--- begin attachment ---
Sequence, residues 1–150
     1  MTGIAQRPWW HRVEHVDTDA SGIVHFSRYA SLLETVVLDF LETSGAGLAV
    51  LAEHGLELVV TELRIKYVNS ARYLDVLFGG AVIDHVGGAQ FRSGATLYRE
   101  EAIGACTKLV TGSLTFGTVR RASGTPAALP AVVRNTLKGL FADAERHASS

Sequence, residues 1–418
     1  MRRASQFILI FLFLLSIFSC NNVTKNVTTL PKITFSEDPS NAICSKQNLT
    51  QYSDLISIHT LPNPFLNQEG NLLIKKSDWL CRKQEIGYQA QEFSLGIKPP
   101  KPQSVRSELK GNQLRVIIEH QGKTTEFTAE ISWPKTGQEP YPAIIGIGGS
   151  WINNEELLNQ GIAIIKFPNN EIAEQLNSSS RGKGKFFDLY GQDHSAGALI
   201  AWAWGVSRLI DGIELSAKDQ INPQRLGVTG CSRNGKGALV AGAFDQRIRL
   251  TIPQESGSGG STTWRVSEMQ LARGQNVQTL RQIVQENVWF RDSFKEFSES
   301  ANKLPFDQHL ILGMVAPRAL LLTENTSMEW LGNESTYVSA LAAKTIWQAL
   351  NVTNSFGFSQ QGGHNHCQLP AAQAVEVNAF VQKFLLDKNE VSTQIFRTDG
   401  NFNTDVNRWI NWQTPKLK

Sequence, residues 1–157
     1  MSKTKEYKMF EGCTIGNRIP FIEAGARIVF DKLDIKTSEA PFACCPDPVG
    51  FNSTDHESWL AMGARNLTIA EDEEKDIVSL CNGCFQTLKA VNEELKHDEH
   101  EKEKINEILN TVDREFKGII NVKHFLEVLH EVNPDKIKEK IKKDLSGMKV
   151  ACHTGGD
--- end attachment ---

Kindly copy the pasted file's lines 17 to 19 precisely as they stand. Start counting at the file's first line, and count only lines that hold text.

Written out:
    51  FNSTDHESWL AMGARNLTIA EDEEKDIVSL CNGCFQTLKA VNEELKHDEH
   101  EKEKINEILN TVDREFKGII NVKHFLEVLH EVNPDKIKEK IKKDLSGMKV
   151  ACHTGGD